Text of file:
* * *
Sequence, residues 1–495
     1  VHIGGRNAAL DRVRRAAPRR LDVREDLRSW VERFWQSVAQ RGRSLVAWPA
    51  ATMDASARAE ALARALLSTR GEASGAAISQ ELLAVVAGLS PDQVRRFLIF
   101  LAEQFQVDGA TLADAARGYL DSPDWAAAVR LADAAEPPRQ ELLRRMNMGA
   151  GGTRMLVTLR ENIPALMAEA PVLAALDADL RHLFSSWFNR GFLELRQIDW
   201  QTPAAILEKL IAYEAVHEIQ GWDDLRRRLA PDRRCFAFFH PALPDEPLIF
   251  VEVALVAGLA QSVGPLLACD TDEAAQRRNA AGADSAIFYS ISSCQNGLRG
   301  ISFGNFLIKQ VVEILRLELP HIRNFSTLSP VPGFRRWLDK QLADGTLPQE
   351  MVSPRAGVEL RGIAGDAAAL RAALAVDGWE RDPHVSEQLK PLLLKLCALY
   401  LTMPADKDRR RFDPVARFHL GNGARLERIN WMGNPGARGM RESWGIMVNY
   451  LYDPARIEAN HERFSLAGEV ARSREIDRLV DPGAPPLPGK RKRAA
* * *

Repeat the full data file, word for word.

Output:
Sequence, residues 1–495
     1  VHIGGRNAAL DRVRRAAPRR LDVREDLRSW VERFWQSVAQ RGRSLVAWPA
    51  ATMDASARAE ALARALLSTR GEASGAAISQ ELLAVVAGLS PDQVRRFLIF
   101  LAEQFQVDGA TLADAARGYL DSPDWAAAVR LADAAEPPRQ ELLRRMNMGA
   151  GGTRMLVTLR ENIPALMAEA PVLAALDADL RHLFSSWFNR GFLELRQIDW
   201  QTPAAILEKL IAYEAVHEIQ GWDDLRRRLA PDRRCFAFFH PALPDEPLIF
   251  VEVALVAGLA QSVGPLLACD TDEAAQRRNA AGADSAIFYS ISSCQNGLRG
   301  ISFGNFLIKQ VVEILRLELP HIRNFSTLSP VPGFRRWLDK QLADGTLPQE
   351  MVSPRAGVEL RGIAGDAAAL RAALAVDGWE RDPHVSEQLK PLLLKLCALY
   401  LTMPADKDRR RFDPVARFHL GNGARLERIN WMGNPGARGM RESWGIMVNY
   451  LYDPARIEAN HERFSLAGEV ARSREIDRLV DPGAPPLPGK RKRAA